Welcome to the Workshop on Adaptive Treatments and Therapies (WATTs) which is a satellite event on the 9th International Conference on Pervasive Computing Technologies for Healthcare in Istanbul on May 2015
Traditional forms of healthcare have been challenged by the new highly flexible and customizable pervasive paradigm. Many pervasive solutions to health rely on sending patient data to the expert clinicians which in turn respond to the alarms received, but fail to make the pervasive solution intelligent enough to reduce the demand of expert time and availability as well as collect data transparently for the patient. One of the keys to the success of the ubiquitous paradigm to deliver health to the population is the ability for dynamically customize interventions; treatments (the curing agent) and therapies (the rehabilitation programme), to the changing patient needs whilst still guaranteeing compliance with treatment and therapy demands. Adaptive treatments and therapies (ATTs) are a necessary step to make pervasive health a democratic form of health care delivery; available to anyone, anywhere, anytime. This dynamic customization or adaptive behaviour is ultimately responsible for the pervasive solution to reduce exhaustive expert supervision; a critical advantage to reduce health delivery costs, permit out-ward continuous supervision, motivate patients through personalized care, and achieve an anytime health assistance.
Common to all of these intelligent ATTs solutions is a decision-making engine. Manifestation of this engine comes in many flavours; from naïve prefixed thresholds to sophisticated artificial intelligence approaches, from solutions only relying on observable metrics to elaborated algorithms inferring affective and cognitive states of the patient, from those offering a deterministic decision over a certain scenario to those affording probabilistic advice intelligently managing uncertainty and being context aware. Yet, despite all the latest advancements, ATTs are still far from fulfilling their potential of making pervasive health virtually autonomous with minimal human expert intervention.
Ultimately, this workshop aims to elucidate why despite all the latest advancements, ATTs are still far from fulfilling their potential of making pervasive health solutions virtually autonomous with minimal human intervention. More specifically, the workshop is organised aiming to address and hopefully answer some of the following questions:
Chronic and non-communicable diseases (NCDs) conform an umbrella of medical conditions that combined impose a huge burden on society; both social and economical and with particular impact on middle and low income countries. Ubiquitous health or ubihealth is often understood as the deployment of health solutions based on information and communication technologies (ICTs), and it is easy to find examples of ubihealth solutions to deal with NCDs. Arguably, the biggest selling point of the current ubihealth solutions is the availability of the health service in less restricted locations than the traditional health centres and hospitals. Under this paradigm of health care delivery, medical assistance becomes remote and asynchronous, ideally on demand but more realistically, at the specific times when the doctors have the availability to attend alarms or perform routinely checks on ad-hoc databases.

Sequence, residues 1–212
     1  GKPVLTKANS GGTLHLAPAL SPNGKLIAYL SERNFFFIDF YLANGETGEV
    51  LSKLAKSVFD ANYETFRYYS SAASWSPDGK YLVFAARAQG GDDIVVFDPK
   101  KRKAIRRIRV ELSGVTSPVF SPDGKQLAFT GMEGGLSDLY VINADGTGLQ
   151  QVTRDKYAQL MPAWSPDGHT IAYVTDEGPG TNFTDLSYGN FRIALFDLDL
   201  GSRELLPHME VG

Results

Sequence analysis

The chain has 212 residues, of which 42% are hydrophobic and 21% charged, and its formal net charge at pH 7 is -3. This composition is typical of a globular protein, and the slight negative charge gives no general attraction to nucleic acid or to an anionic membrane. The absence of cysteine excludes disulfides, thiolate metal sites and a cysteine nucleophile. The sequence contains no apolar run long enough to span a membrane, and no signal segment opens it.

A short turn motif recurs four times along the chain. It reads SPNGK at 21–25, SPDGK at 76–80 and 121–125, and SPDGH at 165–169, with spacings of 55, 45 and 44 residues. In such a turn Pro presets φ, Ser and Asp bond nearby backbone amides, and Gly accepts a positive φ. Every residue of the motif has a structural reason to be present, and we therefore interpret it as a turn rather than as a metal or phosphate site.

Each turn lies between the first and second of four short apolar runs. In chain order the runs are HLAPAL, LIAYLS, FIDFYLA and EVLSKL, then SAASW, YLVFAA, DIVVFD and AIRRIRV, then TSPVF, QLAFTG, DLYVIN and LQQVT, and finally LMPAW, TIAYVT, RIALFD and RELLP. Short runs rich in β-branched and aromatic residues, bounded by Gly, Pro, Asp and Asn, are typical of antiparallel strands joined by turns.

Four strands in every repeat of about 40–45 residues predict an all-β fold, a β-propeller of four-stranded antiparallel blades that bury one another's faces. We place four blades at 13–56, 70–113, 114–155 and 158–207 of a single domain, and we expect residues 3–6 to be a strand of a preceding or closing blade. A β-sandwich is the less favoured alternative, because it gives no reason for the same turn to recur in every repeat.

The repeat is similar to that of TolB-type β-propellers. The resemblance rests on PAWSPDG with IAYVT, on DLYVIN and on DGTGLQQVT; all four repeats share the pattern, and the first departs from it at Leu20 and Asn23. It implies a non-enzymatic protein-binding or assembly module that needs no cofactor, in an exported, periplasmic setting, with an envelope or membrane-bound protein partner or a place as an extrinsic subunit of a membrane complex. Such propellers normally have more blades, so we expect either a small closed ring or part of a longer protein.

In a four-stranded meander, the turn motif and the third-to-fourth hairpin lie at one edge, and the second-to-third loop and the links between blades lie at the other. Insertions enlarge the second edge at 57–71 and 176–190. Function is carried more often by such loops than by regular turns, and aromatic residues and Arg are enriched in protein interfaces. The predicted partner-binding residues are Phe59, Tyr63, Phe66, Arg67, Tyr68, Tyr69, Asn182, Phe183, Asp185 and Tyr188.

Thus far, many initiatives and excellent ideas have been proposed but they struggle to become widely accepted. The technology cannot be blamed for the sense that ubihealth is failing to achieve what it promises, with the state of the art well beyond the necessary demands of most proposals. Perhaps, a more plausible explanation is that it remains strongly dependent on human actions. Most ubihealth solutions expect that the patient collaborates somehow in the data collection, and that the doctor shall have the will and availability to attend the remote business. If ubihealth treatments and therapies are to be successful, the solutions have to become smarter. They have to drop or at least ameliorate dependency on human experts and be able to take intelligent decisions. The clear winner will be those solutions capable to adapt to context and circumstances as well as to varying idiosyncrasy.
Technology is mature, costs are becoming affordable and the society is becoming widely aware of the possibility of remote health care attention based on ICTs. Only the computational element responsible for adaptation beneath the solutions seems to be lagging behind.
ATTs are a critical element for the success of pervasive health. It is a multidisciplinary field where expertise on biomedicine, nursing, psychology, public policy and administration, education, engineering in several disciplines and computing converge. The topic is deceivingly vast and consequently we are seeking to attract a multidisciplinary audience with special focus on the computational aspects of the adaptive solution. Contributions are welcomed in the following or related topics: